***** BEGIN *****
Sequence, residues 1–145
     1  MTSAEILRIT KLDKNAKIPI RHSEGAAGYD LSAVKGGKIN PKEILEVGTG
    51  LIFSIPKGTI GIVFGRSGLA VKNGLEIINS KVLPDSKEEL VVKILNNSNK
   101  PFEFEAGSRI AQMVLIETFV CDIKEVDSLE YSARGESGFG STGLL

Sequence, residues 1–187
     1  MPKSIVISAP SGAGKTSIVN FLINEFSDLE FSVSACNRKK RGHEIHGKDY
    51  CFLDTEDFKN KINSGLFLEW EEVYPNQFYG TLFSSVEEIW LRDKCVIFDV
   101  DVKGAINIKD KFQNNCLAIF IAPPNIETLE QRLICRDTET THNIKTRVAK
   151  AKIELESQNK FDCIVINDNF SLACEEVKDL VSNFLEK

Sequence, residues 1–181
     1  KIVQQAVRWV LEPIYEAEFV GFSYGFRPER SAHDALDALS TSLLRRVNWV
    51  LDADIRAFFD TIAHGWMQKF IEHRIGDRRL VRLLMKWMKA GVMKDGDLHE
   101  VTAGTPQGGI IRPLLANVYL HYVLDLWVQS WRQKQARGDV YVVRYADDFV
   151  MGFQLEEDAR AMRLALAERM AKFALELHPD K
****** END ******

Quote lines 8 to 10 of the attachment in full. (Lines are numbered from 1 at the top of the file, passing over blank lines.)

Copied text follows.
   101  DVKGAINIKD KFQNNCLAIF IAPPNIETLE QRLICRDTET THNIKTRVAK
   151  AKIELESQNK FDCIVINDNF SLACEEVKDL VSNFLEK

Sequence, residues 1–181